In the graffiti world, where so much of the work is driven by pushing one’s own name, literally, Muzacz’s brand of community-centered work is a bit of an outlier. But despite graffiti’s sometimes egotistical agenda, it does offer a community of mutual support and skill sharing, and Muzacz continues to learn from his strong ties to other graffiti artists in town. Buoyed by that support, and as his own practice evolved, Muzacz grew his mission and his ability to connect with people.
“When I think about my work, it’s not necessarily about what I paint, but who I paint for, and whether my work will benefit them,” Muzacz says. “My academic background gave me so many of the soft skills I needed to go into a group of people as an outsider and be able to communicate effectively and be empathetic to their needs and histories and culture, so that my work is responsive to and resonates with them. That’s my real barometer of success.”
Today, Muzacz runs The Mosaic Workshop with co-founder Carmen Rangel and frequent collaborators Lolita Rodriguez, Hope Hummingbird, and many others. They host free and low-cost workshops in mosaic making and they install the work in, for, and with the Austin communities they work in. Their space in East Austin, Something Cool Studios, is bursting with color and materials, as well as with the work of their friends and students. When I visited to conduct our interview, I was sucked in immediately by the positive, collective energy of the place.
The Workshop collaborates with long-established non-profits — including Poder, Latinitas, American Youthworks, Raasin in the Sun, and the Mexican American Cultural Center — which expands their reach. Their Portraits series can be seen all over town. Another Mosaic Workshop project, Legends, specifically honors female leaders of color who have impacted Austin, and commissions female artists of color to make the artworks.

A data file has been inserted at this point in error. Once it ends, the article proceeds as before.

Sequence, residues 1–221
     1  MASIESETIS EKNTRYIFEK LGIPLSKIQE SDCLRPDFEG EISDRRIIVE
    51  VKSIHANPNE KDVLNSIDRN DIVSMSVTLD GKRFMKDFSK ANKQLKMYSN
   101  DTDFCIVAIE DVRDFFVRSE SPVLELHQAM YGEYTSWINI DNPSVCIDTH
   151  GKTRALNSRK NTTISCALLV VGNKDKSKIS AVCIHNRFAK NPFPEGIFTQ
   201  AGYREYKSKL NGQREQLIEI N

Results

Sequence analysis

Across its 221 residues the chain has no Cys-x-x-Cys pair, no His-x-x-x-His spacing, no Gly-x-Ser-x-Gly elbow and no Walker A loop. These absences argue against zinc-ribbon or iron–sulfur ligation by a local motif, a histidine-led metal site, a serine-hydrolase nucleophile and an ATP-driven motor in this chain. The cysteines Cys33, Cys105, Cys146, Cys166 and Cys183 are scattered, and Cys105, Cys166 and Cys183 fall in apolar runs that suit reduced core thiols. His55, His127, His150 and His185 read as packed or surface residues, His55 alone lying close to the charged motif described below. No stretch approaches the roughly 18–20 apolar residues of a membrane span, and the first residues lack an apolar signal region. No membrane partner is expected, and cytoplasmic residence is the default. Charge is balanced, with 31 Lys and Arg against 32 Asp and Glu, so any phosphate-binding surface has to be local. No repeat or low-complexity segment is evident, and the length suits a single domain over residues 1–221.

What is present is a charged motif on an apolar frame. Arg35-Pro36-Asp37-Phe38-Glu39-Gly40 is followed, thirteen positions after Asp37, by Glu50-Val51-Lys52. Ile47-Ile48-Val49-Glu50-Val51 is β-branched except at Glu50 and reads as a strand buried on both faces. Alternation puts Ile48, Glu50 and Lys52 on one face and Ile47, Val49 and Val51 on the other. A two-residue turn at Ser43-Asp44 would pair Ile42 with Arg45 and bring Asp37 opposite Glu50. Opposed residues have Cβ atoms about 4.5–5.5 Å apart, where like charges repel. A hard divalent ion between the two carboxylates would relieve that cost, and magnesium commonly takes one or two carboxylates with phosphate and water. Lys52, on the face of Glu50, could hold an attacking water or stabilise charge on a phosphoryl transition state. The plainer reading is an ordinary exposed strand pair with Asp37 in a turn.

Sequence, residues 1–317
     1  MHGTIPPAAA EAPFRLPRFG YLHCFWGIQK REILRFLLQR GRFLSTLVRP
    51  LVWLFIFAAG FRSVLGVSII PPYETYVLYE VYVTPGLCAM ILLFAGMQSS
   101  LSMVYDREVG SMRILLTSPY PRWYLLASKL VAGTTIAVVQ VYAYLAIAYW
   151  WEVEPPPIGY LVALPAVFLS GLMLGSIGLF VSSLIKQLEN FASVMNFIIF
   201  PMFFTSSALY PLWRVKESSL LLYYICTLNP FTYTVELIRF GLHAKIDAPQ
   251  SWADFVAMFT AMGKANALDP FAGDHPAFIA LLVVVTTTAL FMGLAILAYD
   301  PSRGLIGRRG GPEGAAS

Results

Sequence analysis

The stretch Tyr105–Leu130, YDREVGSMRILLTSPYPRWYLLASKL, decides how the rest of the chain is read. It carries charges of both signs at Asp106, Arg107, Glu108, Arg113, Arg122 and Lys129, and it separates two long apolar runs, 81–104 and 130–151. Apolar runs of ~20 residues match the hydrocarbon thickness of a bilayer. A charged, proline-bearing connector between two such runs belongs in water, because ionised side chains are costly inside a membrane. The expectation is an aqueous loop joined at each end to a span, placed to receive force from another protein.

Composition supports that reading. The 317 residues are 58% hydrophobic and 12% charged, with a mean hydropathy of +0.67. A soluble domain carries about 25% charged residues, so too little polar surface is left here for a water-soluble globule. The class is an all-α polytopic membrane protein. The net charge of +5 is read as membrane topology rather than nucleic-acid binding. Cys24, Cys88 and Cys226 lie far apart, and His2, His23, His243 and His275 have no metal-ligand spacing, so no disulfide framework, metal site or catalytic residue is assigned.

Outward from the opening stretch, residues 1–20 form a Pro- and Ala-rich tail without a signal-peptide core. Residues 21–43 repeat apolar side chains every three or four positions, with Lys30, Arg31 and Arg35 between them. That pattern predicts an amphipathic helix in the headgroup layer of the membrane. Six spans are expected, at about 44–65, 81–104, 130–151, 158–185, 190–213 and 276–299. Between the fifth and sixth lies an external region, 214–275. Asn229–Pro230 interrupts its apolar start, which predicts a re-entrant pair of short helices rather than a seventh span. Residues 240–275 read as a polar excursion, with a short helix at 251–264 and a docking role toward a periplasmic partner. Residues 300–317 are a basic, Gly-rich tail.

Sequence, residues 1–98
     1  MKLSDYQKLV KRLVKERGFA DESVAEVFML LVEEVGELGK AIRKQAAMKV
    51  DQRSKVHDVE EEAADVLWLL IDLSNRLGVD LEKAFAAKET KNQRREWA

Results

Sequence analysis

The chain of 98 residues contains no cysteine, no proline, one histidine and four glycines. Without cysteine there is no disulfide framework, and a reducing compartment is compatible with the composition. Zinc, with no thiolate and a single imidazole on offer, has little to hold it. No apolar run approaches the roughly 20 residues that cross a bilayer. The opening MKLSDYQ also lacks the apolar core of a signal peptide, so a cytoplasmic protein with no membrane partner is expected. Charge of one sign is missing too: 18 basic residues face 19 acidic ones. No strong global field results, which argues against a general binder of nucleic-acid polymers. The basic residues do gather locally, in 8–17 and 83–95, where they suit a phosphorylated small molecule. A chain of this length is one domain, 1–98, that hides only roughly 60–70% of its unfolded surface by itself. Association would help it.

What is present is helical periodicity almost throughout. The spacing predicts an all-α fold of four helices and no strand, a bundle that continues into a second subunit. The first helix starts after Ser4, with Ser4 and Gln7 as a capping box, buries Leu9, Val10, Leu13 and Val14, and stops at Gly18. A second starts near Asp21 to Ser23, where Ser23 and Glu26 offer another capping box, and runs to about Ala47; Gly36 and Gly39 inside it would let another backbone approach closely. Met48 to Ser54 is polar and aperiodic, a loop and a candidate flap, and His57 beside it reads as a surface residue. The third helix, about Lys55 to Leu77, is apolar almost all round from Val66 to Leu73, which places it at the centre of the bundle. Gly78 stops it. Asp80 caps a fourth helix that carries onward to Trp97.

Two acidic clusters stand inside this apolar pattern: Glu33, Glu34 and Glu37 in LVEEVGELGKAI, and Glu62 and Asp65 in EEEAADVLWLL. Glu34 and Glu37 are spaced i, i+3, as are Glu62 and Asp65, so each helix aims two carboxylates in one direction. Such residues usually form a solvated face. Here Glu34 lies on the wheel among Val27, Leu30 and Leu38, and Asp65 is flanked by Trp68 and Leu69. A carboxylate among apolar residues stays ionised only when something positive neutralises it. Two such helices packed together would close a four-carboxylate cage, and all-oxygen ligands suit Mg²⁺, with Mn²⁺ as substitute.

“We’re here to facilitate and connect creatives with valuable opportunities that are paid and that showcase the vibrant diversity of our city,” says Muzacz. “We want people to feel represented and validated. People just have to learn the simple mosaic method and then can make it their own. We’ve had art students go on to get six-figure commissions in prominent public places. We are helping change people’s lives and careers through art making — ripple effects.”
The Workshop operates with a strong belief that its work should be responsive, inclusive, representative, and add value, and that the people who do the work should be learning and making relationships. While most public artists practice some form of community engagement, Muzacz and his team feel unique in offering a process for people to both come up with the concept for the work and help make the work itself.
“The real gem in the process for me is when you have random people sitting at a table making mosaics together; you’re bridging socioeconomic and generational gaps, and unique connections happen,” he says. “You’re having a shared experience, and a mosaic is a permanent medium that holds that.”
Muzacz calls the life he helps bring to neighborhood spaces with these mosaics “placekeeping,” citing the knowledge and culture that old Austin communities have developed over generations, and their efforts to keep that knowledge and culture alive. And while there is an ever-more popular narrative among Austinites that the city has changed too much, that old Austin doesn’t exist anymore, Muzacz feels sure that it does: “It just moves around a bit now,” he says, “and you might have to look a little deeper to find it.”
In getting to know so many old Austin communities, Muzacz has gone from something of a drifter to a community pillar — and an expert on the history of graffiti, street art, murals, and mosaics in Austin. He has even published a 700-page anthology chronicling it all, ATX Urban Art. He says he was able to make the book with such depth due in part to the research and writing skills he gained at UT, and because he knows so many of the people featured as colleagues and friends.
“Austin is the first place I really felt like I was connected to the community and a useful member of society contributing something of value,” Muzacz says. “As a traveler my whole life, a grandson of immigrants, what are my roots, really? We’re just seeds flying in the wind, and where we land is where we plant and grow. So, I landed here and planted some roots.”